During lockdown, I started taking photos of ordinary objects around the flat and using multiples of them – sometimes three, sometimes more – to create artworks. Some photos were of utensils like spoons or forks, others were close ups of glass vases or even soap bottles, chosen for their colour. From the latter I created kind of abstract triptych works. #photography #art
Tag Archives: abstract art
“When the darkness takes you
With her hand across your face
Don’t give in too quickly
Find the thing she’s erased
Find the line, find the shape
Through the grain
Find the outline, things will
Tell you their name….
I would shelter you
Keep you in light
But I can only teach you
‘Art’s whatever you choose to frame’ (Fleur Adcock)
In a local alleyway, we find a series of three abstract artworks on the side of an abandoned, boarded-up building. Each appears to be by a different (local?) artist and in a distinct style of abstraction.
From left to right in the photo above (see also individual photos below), the first artwork, Involuntary Abstraction by Nicholson Haddock, is rather raw and gestural in its forms, with graffiti layered over parts; the second, Parallel Textures by Anne Dinsky, is more textural and subtle in execution, with muted grey and sandy colours and vertical white parallel lines; the third, The Vertigo of Vision by Joan Biro, is a dense work with a fuzzy, anarchic composition that moves the eye around dizzyingly – this artwork is mainly black and white, but has spots of blue and half-erased words in red.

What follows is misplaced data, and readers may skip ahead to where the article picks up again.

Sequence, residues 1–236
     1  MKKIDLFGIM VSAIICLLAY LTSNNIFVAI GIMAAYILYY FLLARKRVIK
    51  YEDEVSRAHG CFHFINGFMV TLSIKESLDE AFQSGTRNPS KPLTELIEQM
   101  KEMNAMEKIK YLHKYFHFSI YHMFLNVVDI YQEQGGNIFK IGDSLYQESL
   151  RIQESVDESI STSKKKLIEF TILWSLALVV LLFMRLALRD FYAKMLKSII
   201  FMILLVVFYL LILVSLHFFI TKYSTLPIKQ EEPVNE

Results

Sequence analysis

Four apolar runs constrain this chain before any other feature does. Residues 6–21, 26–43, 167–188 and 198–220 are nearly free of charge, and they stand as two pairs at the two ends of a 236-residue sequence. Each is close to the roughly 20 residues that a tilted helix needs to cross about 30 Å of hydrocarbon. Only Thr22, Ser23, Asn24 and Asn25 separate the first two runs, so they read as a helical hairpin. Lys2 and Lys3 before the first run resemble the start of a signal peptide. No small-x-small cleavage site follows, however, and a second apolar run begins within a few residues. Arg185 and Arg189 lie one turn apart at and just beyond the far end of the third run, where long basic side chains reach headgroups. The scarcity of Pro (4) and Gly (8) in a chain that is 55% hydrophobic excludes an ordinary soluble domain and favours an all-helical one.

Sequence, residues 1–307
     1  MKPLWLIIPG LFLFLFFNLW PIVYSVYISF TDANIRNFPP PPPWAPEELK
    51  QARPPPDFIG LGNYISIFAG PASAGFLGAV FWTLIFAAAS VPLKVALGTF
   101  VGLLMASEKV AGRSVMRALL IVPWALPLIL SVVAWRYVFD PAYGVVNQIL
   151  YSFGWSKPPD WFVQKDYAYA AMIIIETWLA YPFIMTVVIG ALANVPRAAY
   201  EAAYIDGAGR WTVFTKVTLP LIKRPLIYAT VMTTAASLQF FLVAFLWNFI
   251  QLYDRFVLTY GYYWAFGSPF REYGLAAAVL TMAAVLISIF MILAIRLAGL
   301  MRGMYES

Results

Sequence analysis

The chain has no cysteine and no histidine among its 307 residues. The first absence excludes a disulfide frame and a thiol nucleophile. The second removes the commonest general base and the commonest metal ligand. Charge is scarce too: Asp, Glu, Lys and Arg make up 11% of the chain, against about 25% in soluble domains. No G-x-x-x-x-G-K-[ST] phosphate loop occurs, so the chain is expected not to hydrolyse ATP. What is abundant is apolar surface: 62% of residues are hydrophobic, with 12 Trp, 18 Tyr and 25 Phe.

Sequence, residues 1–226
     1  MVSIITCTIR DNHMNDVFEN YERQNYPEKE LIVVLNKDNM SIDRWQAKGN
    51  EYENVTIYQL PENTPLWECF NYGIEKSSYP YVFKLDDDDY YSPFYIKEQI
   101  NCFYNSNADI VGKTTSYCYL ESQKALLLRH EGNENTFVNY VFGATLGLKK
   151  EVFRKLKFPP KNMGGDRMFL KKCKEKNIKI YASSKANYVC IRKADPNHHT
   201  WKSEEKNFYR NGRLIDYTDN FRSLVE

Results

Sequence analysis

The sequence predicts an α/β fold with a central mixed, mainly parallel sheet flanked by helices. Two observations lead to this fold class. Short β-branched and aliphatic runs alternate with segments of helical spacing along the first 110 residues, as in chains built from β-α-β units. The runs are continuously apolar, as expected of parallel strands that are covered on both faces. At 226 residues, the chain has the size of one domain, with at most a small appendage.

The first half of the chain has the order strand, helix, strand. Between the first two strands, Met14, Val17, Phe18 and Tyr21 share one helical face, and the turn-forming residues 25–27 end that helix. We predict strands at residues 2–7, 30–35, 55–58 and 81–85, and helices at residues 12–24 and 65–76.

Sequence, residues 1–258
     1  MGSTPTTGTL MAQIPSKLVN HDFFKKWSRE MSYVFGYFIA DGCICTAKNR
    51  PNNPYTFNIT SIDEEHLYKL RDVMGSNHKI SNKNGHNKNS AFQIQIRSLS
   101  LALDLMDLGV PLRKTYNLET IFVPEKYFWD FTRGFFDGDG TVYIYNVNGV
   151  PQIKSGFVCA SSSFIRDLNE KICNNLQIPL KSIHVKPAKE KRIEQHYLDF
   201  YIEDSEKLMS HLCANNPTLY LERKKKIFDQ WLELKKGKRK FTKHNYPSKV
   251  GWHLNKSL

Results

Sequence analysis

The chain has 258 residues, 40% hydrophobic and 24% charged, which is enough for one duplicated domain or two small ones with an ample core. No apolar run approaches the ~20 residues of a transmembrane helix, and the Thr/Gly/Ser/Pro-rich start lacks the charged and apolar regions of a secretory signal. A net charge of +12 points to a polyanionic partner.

On the bottom corner of the third artwork (see photo below) appears the Fleur Adcock quote: ‘Art’s whatever you choose to frame’. Does this mean these artworks have been ‘framed’ by adding titles/names, so the public can see them not as abandoned, boarded-up windows but as involuntary or ‘found’ art? A Duchampian or conceptual intervention in a public space?
I’m not sure why exactly, but I like to sit by my local river and try to name the various colours on its surface – pewter, grey-blue, cup-of-tea brown, slate grey, silver, sand, diamond glint, eucalyptus-leaf green. Just as the tidal river ebbs and flows, so the colours in it are constantly changing. Perhaps this is part of the appeal for me: an awareness of a visual transience, of an ever-mutable liquid canvas. The hues relate to the quality of light and to what is reflected in the water – sky, clouds, sun, trees, boats, houses, lampposts, passing people. In these particular photographs the colours and abstract forms put me in mind of pre-Hispanic textiles. Certain pre-Hispanic peoples believed that rivers and lakes were mirrors in which the gods could behold themselves. If there happened to be any pre-Hispanic deities loitering around this corner of East Anglia (UK) that day, I like to think they’d have been chuffed that their fabrics, if not their faces, featured in the river, even if for a brief time.